If you are looking for a way to give back during the COVID-19 pandemic, consider giving blood. There is a need for blood donations during this time, and the folks at The Blood Connection want the public to know that giving blood is safe.
Not only that, but their centers make giving blood an enjoyable experience. There are six of them in the Upstate area, with locations in Greenville, Spartanburg, Easley, Greenwood, Seneca and Anderson. And we can’t leave out the neighbors in Asheville and Hendersonville, North Carolina.
Visiting a center is actually the first reason giving blood with The Blood Connection is a good idea. What is it about a center that makes the experience so great? For one, they are spacious, and the beds are bigger.
“There is plenty of room to sprawl out,” said Allie Van Dyke, The Blood Connection’s partnership and media coordinator, explaining that donors can watch TV and eat snacks.
And for those who want to see a familiar face, unlike their mobile sites, the staff at the centers does not change. Which brings us to the second reason for donating blood with The Blood Connection: convenience.
Van Dyke said, “Our centers are open seven days a week. There is only a two-hour difference on the weekends.”
Of course, if the mobile centers suit you, just check their website for dates and locations. One thing there is not a shortage of at The Blood Connection is locations for mobile blood drives.
The third reason for making the choice to give blood is really just because “it’s a great way to give back,” said Van Dyke.
“Your body produces it anyway, so there is no major work involved,” she said.
She reminded, “Just remember: What if you were the one who needed blood?”
Segueing to the fourth reason for giving blood with The Blood Connection: Blood donated through The Blood Connection is used in the local community.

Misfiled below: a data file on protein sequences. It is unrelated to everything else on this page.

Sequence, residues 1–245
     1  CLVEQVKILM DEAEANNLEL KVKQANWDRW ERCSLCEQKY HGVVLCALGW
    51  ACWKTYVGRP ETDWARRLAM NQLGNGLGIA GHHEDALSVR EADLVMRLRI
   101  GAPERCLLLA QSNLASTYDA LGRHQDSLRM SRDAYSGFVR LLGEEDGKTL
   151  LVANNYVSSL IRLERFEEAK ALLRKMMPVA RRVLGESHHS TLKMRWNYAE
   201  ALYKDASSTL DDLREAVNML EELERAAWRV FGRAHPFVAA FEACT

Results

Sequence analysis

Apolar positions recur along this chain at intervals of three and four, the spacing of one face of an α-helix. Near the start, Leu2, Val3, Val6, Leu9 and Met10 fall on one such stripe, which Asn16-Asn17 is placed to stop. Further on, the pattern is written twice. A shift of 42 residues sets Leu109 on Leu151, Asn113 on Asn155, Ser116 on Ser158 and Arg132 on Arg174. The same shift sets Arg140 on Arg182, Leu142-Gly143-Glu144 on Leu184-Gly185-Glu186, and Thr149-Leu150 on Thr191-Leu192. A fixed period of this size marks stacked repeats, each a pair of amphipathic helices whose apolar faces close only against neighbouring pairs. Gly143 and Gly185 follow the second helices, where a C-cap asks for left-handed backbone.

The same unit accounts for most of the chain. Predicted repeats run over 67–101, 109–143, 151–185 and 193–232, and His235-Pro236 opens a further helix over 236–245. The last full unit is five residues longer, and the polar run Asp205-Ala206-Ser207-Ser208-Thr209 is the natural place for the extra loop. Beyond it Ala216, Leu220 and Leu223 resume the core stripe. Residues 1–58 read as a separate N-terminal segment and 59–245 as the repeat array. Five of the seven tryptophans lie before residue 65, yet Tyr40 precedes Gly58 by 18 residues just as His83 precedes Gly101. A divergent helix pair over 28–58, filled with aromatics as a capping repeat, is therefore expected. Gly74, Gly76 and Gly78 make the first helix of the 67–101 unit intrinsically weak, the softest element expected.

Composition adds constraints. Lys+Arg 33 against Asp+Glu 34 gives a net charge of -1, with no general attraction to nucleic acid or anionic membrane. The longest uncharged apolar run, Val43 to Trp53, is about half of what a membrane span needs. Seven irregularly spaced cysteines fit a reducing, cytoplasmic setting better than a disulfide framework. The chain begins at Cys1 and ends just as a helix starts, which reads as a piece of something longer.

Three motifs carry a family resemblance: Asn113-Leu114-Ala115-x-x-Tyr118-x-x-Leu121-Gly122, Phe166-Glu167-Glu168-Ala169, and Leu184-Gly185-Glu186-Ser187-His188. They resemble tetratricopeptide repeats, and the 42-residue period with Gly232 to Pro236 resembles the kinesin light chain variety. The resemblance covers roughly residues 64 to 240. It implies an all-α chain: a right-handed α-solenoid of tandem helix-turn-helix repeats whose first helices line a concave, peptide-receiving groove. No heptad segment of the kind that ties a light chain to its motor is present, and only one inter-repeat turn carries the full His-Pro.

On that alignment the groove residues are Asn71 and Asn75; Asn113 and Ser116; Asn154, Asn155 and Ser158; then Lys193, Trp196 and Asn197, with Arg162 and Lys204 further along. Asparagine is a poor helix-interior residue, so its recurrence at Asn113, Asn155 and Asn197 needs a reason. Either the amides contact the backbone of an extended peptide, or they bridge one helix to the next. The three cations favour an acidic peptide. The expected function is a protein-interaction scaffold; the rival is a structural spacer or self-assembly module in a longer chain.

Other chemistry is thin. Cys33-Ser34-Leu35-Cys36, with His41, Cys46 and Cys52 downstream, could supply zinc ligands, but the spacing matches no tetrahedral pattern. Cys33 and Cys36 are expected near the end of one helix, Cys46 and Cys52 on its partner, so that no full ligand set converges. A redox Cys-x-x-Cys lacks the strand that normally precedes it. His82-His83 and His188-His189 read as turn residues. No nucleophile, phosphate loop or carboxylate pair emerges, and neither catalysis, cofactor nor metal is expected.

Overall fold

“We have a partnership with every hospital in the Upstate. We are their exclusive blood providers,” Van Dyke said. “And we have been servicing this area since 1962.”
And speaking of making an impact, the fifth reason to add donating blood to your to-do list is all about variety. There are four ways to donate blood.
Whole blood is the most popular and common. A pint of blood is drawn that contains red and white cells, platelets and plasma. Its shelf life is 21 to 35 days, and a person can donate every 56 days.
Platelets can be donated every seven days, but only at the centers. Platelets, which have a shelf life of only five days, are small cell fragments that stop or prevent bleeding and are commonly used to help treat cancer patients.
Plasma is what transports water and nutrients to your body’s tissues. This type of donation can last for up to a year. You can donate plasma every 28 days – only at centers. The same is true for automated red cells, which can last 42 days and are mainly used to help those with blood disorders. They can be donated every 112 days.
Currently, there is a fifth way to donate. COVID-19 patients who have recovered can take part in an FDA-approved COVID-19 convalescent plasma collection. Although not proven in rigorous clinical trials, studies suggest that using this donated plasma has had some success in reducing symptoms and even the death rate for patients battling COVID-19. The process is the same as a regular plasma donation. It’s another way The Blood Connection is partnering with hospitals to save lives.
“There is no break for blood donation. There are people in hospital beds right now that need our blood,” Van Dyke concluded. “We have taken extra precautions to remain clean and sanitized. It is safe to give blood.”
For more information on The Blood Connection, visit www.thebloodconnection.org or call 800-392-6551.The Blood Connection is encouraging appointments at this time in order to observe social distancing.
By Theresa Stratford